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What Are You?

What Are You?

“What are you?”

If I had a most Frequently Asked Question section of my life, these three words would nail the top spot. I’ve been tempted to answer, “Oh, I’m this really unique breed, I don’t know if you’ve ever heard of it, it’s called human.” But, after wrestling with appropriate and not so appropriate responses, I’ve decided against the blatant cynical response route and instead embraced what I’ve come to understand as sincerely harmless questions packaged in loose thinking. And I could get angry and offended and flustered, but I’m quickly faced with my own dent of mental lapses and how I could probably be the poster child for loose thinking with my own track record history. [Cue example: Me: Hey have you seen Garden State? Friend: Yeah, we saw it together last night, you idiot. Me: Oh, right.]

So, to set the record straight, I’m Korean. No, this doesn’t mean I am related to Lucy Liu, (she’s Chinese) or Lisa Ling (she’s Chinese too, and no, they’re not related either). I don’t know karate, nor am I a math wizard, but I do love sushi and admit that when I look down, I do look like I could be sleeping.

After the Korean part is revealed, the next question is: “What is Raspa?” “Well, it’s Italian.” I respond. And of course I know they’re waiting for an explanation, but after years of this script, it’s always nice to manipulate the punch line. So I let time elapse until they’ve stewed over the concept. “So you’re half-Italian?” They ask. Or they settle on a confused, “Oh, okay.” And this is around the time when I feel it’s necessary to deliver the final piece of the puzzle. “Well, I’m adopted.” And light floods in along with a new wave of questions.

“When were you adopted? Have you been to Korea? Do you want to find your parents? Do you speak Korean? Do you like your family?” (Answers:four months; well I was born there, does that count? Not right now; no, but I pretend I do; and yes, I think they’re scrumptulescent.)

Adoption, when I think about it, is a funny, wonderful, unusual and painful thing. It’s funny because I hold this vault full of the most comical conversations and experiences with people that spawn from the fact that I’m Korean and adopted. Honestly, my life would be ridiculously boring if I were neither.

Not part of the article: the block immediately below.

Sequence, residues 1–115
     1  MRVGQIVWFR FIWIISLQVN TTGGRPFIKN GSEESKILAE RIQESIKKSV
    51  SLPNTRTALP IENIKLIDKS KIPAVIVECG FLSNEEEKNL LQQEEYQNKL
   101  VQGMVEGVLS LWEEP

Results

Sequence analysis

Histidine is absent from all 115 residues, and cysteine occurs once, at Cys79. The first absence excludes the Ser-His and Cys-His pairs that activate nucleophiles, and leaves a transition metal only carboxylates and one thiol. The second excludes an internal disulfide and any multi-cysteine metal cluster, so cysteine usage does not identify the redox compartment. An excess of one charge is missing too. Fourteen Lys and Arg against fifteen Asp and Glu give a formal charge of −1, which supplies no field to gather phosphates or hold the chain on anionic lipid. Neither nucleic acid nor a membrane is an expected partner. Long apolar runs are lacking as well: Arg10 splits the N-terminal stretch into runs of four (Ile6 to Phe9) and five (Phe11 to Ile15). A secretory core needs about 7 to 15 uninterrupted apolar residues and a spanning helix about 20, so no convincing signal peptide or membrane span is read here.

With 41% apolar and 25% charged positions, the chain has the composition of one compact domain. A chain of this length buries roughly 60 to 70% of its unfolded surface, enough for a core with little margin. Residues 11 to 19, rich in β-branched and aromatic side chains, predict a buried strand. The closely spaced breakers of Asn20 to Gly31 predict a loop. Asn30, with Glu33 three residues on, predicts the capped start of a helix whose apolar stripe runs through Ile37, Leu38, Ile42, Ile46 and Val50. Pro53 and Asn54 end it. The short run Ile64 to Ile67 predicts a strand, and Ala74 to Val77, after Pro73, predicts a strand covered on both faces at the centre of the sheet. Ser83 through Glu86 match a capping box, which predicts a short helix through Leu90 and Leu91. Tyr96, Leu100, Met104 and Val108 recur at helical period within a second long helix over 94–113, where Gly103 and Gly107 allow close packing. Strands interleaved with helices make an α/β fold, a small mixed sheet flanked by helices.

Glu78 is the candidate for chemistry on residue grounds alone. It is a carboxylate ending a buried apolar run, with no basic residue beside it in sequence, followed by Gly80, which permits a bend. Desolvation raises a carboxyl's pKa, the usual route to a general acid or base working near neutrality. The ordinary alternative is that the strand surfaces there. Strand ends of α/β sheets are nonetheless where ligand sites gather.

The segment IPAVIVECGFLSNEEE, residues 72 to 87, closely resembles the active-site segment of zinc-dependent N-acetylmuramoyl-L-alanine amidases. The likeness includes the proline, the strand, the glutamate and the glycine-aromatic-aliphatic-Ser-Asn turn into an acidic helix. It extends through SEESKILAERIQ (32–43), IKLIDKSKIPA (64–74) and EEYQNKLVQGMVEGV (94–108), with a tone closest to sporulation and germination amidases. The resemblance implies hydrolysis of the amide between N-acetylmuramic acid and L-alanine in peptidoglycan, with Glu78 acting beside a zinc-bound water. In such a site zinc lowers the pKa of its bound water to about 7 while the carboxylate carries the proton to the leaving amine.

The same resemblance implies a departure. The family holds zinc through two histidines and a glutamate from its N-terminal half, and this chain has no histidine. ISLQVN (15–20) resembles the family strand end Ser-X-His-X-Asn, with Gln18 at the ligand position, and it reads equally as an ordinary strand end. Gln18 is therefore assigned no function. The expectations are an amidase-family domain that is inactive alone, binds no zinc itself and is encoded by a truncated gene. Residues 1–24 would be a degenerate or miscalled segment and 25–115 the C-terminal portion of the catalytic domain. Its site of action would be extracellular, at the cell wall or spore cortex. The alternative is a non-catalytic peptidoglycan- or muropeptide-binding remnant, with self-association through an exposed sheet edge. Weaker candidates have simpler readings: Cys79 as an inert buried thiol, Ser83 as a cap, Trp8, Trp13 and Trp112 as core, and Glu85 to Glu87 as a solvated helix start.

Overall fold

It’s wonderful because in a way, children are being rescued in a monumental way. Mothers are choosing to literally give life, twice.

It’s unusual because the concept of raising a child that comes from another initially seems unordinary. The process of adoption is so extensive, and in today’s culture where time is money, it seems like adoption would naturally be unappealing to people because of the effort and finances required. It’s unusual because that pretty Puerto Rican girl and the white football player you thought were a couple all this time are really brother and sister.

It’s painful because many adoptees, like anyone else, still experience abuse, abandonment, emptiness, depression and incompletion. Birth mothers experience many of the same things, a constant lack of closure and unanswered questions. Families are alarmingly faced with abrupt changes in adoption agreements that force them to give their adopted child back to the birth mother. It’s painful because the people who gave birth to me are strangers and stories only known in the way a beauty mark is placed or in one’s lines on a hand. Their existence is shaped from questions and unknowns that may never be resolved. It’s painful because I wonder if they wonder about me. Then I wonder how can they not wonder about me. I want to tell them I’m okay. That I have a loving family who have taught me grace, unconditional love, generosity and forgiveness. I want to tell my birth mother she is the most selfless woman I have never met.

It blows my mind to think of God’s arrangement in our lives. I think of where I would be if I hadn’t been adopted, or if I would have been placed in a different family. I think of all the people involved in my adoption, of how happiness is traded for sadness and how strong the face of love is even in the unknowns of a child.

So, what am I? I’m Korean. I’m adopted. Maybe I’ll meet my birth parents someday, but for now, I’m here. I can’t ace math homework or translate some guy’s tattoo, but I’m pretty sure I could fool someone into thinking I could.

[Kimi Raspa is currently interning at RELEVANT and besides answering the "what are you" question several times already, shefrequently professes her love for Zach Braff.]


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